The plant was originally cultivated for fiber in China c. 2800 BC, and later spread all the way across Asia, reaching Europe sometime in the Middle Ages. As the narcotic effects of its leaves and blossoms were discovered, it was also thought to be helpful in treating many conditions, from asthma to depression. Eventually it became infamous as the source of the drugs marijuana and hashish.
Because of its use in the illegal drug trade, cultivation of hemp is mostly banned the Western world. However, it is still grown as a legal commercial crop in China and eastern Europe. Rope, yarn, and string are all made from the strong, durable fibers of the stalks. The seeds are 30 percent oil, and sometimes that is extracted for use in paints and soaps. The seeds are also used in commercial birdseed.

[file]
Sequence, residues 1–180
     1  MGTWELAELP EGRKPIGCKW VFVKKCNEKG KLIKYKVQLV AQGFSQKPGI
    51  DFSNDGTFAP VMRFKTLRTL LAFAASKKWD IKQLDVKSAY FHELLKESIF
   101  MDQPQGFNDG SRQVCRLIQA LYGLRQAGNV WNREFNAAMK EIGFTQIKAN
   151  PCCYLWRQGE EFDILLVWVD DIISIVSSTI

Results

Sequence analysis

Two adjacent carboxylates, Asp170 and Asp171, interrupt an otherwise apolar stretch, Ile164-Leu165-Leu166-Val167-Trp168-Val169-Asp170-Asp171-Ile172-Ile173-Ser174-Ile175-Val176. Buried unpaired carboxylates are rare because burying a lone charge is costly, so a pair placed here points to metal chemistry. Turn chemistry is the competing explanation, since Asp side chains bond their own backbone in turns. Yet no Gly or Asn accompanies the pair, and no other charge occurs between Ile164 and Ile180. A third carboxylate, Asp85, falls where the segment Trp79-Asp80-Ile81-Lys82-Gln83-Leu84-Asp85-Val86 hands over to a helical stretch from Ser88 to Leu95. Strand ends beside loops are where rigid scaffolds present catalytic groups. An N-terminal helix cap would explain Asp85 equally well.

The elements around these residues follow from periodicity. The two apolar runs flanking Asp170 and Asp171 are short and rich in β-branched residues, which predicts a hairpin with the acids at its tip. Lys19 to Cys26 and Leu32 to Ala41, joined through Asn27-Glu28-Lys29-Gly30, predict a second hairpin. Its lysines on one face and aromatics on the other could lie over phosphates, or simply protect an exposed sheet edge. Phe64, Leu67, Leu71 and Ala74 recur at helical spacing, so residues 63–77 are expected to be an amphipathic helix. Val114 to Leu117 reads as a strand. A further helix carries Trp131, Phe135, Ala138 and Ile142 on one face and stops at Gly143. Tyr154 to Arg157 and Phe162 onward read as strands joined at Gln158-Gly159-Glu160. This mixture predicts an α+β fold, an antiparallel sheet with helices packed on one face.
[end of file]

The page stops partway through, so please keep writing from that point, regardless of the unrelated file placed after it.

Hemp grows best in temperate zones, with sandy, well-drained soil and rainfall throughout the growing season. Individual plants are all-male or all-female, and can reach a height of 16 feet, though the commercial varieties are usually grown to no more than 10 feet.